A woman born and raised in Sarto, Man., is living through her second pandemic.

Annie Patrick was 9-years-old when the Spanish Flu plotted its destructive course through North America and she turned 107 shortly before the onset of COVID-19.

The Spanish Flu, which peaked between 1918 and 1919, is presumed responsible for taking the life of Patrick’s younger sister.

“The way Annie explains it, at that time there were a lot of children that were dying,” says Janet Patrick, her daughter. “Even if you walk around the cemetery today you will see a lot of children who died those same years.”

Now, the novel coronavirus has Patrick living under strict physical isolation. Janet and her siblings can only visit their mom through the glass door at Resthaven, the seniors' care home where she presently resides.

In order to maintain the impression of personal contact, Janet and her siblings speak with their mother over the phone while looking at her through the door. Sometimes, she notes, they even hold up handwritten notes for her to read.

With old age being a primary factor in many of the COVID-19 related deaths, Janet says her family is cherishing every moment they can with their beloved mother. She notes everyone has been especially intentional after a small scare they had last month.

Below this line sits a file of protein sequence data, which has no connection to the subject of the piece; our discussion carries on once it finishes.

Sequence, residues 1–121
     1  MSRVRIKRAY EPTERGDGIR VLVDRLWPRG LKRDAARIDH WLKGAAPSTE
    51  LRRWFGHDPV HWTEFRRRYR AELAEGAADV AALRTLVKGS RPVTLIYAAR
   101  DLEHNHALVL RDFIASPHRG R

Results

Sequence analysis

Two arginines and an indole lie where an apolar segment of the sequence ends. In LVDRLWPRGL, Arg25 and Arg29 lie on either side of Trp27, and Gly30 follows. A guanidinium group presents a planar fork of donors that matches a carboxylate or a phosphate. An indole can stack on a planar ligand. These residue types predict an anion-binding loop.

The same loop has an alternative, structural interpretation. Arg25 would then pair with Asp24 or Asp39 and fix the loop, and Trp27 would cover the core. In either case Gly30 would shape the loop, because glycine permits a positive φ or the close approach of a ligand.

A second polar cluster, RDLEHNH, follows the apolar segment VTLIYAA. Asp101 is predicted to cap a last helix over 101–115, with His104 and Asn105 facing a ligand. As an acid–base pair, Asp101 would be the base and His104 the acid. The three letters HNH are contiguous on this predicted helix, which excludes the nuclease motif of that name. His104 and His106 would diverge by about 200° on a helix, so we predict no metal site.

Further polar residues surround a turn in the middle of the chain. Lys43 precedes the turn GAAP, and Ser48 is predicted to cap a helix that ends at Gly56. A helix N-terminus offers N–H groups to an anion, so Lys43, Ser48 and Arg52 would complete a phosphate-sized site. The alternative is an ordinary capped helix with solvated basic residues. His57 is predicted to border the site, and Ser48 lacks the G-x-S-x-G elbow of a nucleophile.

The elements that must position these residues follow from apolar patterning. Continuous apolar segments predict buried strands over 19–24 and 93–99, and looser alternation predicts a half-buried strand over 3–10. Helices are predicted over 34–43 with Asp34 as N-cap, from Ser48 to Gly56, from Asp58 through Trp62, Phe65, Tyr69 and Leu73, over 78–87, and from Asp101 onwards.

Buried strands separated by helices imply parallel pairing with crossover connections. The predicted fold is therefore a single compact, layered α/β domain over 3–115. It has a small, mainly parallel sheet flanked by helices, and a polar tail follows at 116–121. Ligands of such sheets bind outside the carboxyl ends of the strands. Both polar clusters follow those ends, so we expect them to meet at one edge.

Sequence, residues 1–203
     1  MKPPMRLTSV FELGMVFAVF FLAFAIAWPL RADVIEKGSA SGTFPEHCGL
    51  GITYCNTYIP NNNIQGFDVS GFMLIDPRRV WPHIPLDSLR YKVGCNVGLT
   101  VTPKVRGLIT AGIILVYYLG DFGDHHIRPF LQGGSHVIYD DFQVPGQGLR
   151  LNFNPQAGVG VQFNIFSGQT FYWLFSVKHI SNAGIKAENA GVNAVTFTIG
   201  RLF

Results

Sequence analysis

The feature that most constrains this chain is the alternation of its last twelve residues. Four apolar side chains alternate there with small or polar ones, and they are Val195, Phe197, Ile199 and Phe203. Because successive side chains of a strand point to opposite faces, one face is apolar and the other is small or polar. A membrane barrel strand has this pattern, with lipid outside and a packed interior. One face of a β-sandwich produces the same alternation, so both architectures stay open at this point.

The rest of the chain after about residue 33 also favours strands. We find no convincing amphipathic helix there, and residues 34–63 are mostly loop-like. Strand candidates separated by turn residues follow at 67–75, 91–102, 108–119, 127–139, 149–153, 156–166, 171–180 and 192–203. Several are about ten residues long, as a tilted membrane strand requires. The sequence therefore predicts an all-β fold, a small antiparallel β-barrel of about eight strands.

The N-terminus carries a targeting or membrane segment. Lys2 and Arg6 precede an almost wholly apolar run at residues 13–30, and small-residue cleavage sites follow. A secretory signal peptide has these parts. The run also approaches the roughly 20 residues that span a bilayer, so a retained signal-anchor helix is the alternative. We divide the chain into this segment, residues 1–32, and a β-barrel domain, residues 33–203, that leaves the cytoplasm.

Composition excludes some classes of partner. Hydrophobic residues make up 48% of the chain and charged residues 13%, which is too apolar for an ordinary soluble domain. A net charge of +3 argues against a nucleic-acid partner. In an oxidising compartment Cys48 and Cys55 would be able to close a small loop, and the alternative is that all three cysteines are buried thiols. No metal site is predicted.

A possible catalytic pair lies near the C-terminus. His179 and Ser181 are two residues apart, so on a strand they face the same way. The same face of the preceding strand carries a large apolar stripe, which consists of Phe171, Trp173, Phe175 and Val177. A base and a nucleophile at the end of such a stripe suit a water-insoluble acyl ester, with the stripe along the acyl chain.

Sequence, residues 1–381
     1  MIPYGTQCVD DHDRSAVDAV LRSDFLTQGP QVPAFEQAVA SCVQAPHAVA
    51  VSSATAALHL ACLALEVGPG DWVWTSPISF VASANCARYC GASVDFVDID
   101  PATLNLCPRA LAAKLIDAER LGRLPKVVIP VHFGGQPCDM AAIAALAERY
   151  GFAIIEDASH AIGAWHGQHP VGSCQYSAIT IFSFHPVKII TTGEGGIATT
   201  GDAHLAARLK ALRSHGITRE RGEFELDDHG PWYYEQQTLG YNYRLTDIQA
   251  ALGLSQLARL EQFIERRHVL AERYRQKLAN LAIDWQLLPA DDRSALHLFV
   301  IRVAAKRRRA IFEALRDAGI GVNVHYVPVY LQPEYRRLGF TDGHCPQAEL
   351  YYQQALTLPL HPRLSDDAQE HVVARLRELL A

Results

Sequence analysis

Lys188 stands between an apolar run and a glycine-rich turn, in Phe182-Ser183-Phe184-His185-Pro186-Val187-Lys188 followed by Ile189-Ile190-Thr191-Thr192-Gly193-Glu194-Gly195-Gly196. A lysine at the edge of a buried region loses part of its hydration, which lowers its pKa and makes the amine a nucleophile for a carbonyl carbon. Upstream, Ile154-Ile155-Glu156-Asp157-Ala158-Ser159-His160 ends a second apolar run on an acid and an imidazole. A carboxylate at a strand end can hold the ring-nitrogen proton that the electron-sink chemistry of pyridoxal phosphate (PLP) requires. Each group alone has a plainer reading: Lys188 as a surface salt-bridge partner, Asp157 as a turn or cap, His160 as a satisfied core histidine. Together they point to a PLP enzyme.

“Back in April, she got sick with a cough and a fever while she was at the seniors' residence," shares Janet, "but they tested her for COVID-19 right away and she was clear.”

As Janet understands it, Patrick only remembers bits and pieces of her past and does not fully comprehend the severity of COVID-19. “I think she knows there is some kind of sickness going around, she just doesn’t know the extent.” Still, in spite of her old age, Annie Patrick remains a source of stories, joy, and laughter to all who know her. Janet says she was glad to have been able to spend another Mother’s Day with her remarkable parent.

“She’s probably the most beautiful person that I know."